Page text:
That, then, is the challenge. Fraternise your butcher, your baker, your goats'- cheese maker, and acquaint yourself with the local tart. Use your feet or your bicycle - and try not to spend quite as much money as I did.

A truly bizarre article about the meaning of hummus in Israel [via tfs]:

"This hummus is killing us in every sense," Halihal sums up. "I call for a hummus revolt. It could be the biggest revolt ever here. Finally everyone will really eat shit, and that is what will give the push for true peace and coexistence."

History: Babylonian chickpea delivery; historical culinary documents online; Home Economics Archive.

Regina still doesn't have permalinks, so I'm just going to have to quote her here:

Through his fawning coverage in 2000, this anything-but-the-food reviewer now ambling through restaurants helped elect the chimp responsible for a morass that has consumed more than $300 billion and killed more than 1,600 Americans and who knows how many Iraqis. The same trait that left him vulnerable to a dry drunk’s seduction is clearly at play in the restaurants of New York. Recognize him as Panchito and he’ll put his lips together and blow stars all over you.

Oh, and in case I was unclear: books without recipes are usually the only ones I want to read. I was just relatively uninspired by the examples given.

Friday, May 13, 2005

Real Bruni


Leonardo Bruni, historian, papal secretary, and Chancellor of the Florentine Republic, was smarter than your average Renaissance man. He had an admirably rigorous mind, and elegant Latin, and his History of the Florentine People remains more readable than most of the drivel you'll find at Barnes and Noble today, thanks to the excellent translation by James Hankins. His tomb is in Santa Croce, but he was born in Arezzo (then, of course, under the Florentine yoke).

Arezzo began as the Etruscan city Arretium, meaning unknown. So there is no connection between Leonardo Bruni Aretino and Cicer arietinum -- chick peas, so called for their ramlike seeds. But by further coincidence, ceci are an Arentine specialty.

Anyway, I cooked some the other day for nearly 24 hours, with nothing but onion and salt pork, and they are really good. Especially with boudin noir.

finger fingered

Chron: "The finger allegedly found in a bowl of Wendy's chili belongs to an acquaintance of the husband of Anna Ayala" [Thanks, J!].

Good causes, more or less. Slow Food in Schools ebay auction, New Farm's OPX.

CSAs in USA Today. Also see the Observer on "box schemes", in the local patois.

Clarification: of course, I should have said that the McGee and the Kurlansky are interesting, but they are old.

Wednesday, May 11, 2005


More salmon crises in BC (logging) and on the Columbia (dams?). On the other hand, the year's first California King was nearly as delicious as I remembered it.

In his eagerness to piss off his readers, David Shaw appears to have conflated the deliciousness of the Neapolitan with that of the "Neapolitan" (i.e., east coast pizza). Not the same thing at all, why is why he doesn't know where to put his pepperoni. At least he doesn't indulge in the inexcusable boosterism of Chron's contribution to the subject.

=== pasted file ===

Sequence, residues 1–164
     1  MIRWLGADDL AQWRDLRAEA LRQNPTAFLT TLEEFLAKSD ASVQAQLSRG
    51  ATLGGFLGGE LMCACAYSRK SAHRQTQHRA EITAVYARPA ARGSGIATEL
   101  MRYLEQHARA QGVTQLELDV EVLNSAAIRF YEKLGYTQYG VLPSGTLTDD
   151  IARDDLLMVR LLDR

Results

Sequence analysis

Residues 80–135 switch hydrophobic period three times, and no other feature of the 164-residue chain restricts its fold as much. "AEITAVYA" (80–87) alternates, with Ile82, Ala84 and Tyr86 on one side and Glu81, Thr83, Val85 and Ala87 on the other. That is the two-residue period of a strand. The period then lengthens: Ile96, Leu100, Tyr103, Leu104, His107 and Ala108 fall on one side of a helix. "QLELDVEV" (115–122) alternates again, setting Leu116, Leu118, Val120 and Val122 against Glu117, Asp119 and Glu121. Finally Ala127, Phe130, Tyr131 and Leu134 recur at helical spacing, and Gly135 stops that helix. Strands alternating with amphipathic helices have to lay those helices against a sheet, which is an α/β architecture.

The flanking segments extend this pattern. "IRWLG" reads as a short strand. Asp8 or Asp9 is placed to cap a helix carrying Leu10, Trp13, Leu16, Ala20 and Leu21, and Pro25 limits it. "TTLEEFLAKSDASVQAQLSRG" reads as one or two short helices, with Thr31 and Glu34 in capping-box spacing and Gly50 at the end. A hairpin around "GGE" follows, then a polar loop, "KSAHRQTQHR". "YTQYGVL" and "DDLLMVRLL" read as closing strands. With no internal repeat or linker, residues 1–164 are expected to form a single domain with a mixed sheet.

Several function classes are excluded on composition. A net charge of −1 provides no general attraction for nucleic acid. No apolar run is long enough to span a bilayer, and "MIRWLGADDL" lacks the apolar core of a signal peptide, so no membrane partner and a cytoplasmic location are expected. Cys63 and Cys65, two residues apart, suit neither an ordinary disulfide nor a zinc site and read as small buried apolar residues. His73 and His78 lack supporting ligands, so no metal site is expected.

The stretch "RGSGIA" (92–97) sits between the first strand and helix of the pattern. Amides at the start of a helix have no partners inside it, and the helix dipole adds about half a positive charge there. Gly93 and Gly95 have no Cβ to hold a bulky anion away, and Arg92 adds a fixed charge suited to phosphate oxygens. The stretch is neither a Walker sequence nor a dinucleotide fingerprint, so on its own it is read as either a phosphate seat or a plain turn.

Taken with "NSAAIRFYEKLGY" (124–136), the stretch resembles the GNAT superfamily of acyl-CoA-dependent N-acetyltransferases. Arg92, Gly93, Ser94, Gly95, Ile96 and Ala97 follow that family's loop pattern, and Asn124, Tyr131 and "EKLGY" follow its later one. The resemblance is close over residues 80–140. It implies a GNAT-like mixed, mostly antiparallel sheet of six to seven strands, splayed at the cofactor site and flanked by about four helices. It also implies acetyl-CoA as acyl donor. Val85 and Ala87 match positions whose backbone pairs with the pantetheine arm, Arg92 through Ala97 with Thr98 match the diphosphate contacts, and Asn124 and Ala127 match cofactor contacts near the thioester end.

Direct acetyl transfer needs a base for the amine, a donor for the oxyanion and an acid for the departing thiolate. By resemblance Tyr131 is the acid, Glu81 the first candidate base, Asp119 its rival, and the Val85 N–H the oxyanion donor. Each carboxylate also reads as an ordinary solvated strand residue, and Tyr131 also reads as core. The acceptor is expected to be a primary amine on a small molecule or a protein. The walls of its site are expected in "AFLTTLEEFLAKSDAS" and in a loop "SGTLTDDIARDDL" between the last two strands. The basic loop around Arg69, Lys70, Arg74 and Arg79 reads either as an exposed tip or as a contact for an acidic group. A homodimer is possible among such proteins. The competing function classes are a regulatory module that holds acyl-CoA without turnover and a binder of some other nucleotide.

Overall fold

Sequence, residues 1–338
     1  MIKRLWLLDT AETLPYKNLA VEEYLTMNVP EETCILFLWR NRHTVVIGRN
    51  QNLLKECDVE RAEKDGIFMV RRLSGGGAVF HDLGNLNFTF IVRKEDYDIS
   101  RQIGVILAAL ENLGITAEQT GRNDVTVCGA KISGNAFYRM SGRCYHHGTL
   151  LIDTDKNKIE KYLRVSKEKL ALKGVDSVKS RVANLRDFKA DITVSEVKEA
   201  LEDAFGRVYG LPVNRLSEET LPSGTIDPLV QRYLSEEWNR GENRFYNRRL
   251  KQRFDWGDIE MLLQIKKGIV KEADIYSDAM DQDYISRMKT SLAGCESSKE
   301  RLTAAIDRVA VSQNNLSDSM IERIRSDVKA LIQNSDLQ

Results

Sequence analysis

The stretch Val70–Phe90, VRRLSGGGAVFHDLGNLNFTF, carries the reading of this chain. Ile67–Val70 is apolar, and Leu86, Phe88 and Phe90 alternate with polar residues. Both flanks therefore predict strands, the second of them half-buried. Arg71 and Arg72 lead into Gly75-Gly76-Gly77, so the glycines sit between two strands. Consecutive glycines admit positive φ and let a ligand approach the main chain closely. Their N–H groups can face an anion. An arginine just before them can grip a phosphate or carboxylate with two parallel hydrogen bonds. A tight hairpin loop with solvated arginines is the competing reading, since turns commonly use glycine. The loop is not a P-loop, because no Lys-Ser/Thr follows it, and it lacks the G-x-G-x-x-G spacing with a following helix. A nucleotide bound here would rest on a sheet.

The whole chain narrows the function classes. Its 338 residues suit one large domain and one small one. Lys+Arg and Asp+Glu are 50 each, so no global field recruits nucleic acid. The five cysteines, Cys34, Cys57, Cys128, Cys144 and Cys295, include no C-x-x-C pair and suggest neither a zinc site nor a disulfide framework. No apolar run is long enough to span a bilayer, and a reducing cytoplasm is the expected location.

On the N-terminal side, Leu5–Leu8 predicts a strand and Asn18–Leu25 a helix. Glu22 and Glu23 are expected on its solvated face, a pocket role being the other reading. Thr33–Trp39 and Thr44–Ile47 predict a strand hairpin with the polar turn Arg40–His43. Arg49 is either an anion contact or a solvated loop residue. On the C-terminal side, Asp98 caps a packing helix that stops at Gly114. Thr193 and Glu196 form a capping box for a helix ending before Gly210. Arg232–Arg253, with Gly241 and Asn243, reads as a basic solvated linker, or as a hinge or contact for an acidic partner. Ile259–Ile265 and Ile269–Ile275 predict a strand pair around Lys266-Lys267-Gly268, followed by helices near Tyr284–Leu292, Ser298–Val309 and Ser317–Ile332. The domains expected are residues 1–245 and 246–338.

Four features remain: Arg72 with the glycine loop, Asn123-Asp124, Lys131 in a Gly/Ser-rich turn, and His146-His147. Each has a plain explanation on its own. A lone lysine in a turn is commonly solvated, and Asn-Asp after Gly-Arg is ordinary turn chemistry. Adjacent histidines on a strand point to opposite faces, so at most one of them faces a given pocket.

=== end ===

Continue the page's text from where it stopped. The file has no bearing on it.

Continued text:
Oh yeah: Bruni observed, digested, and savaged. For what it's worth, I thought the Chicago article was pretty good (notwithstanding the prose), and I love the emergency flight to Barcelona to avoid Adrià faux pas. Thanks Punch!


Nothing personal, but I find Regina's "serious" books largely uninspiring. Here's a review I wrote for Slow Food of Julie Guthman, Agrarian Dreams: The Paradox of Organic Farming in California (UC Press, 2004).

The ideology of organic food production, as Slow Food members are well aware, often draws on an arcadian image of the self-sufficient family farm. The American version of this agrarian imaginary came over with the English colonists, whose rhetoric of the patriarchal yeoman farm intensified as the way of life it glorified was eradicated by the industrial revolution. Its revival in the service of organic agriculture, with all its religious and historical baggage, is particularly anachronistic in the case of California, which, as Julie Guthman shows in her fascinating new book, never had an agrarian tradition.

Although she never says it explicitly, Guthman's powerful critique of the agrarian imaginary ultimately implies that the romanticized family farm is not sustainable. And she argues that there is nothing intrinsically unsustainable about large-scale farming. Her own numbers show that larger organic farms are in fact less sustainable (she rated 144 representative farms on a 5-point scale based on Miguel Altieri's Agroecology), but she insists that scale is not the determining factor. It is hard to say if either of these assertions is really true, but they are issues that we need to think about, and research, more clearly.

On top of this critique, Guthman throws in an extensive sociological survey of contemporary California organic farming, a history of the movement, and a persuasive economic analysis of the market forces that have shaped the movement. The paradox she identifies at the heart of organic farming is the way those market forces have reshaped organic farming in the image of agribusiness. But this is not a simplistic indictment of "industrial organic." Rather, Guthman shows how the inexorable logic of California real estate -- valued on the basis of "highest and best use" -- demands intense and ultimately unsustainable agricultural production.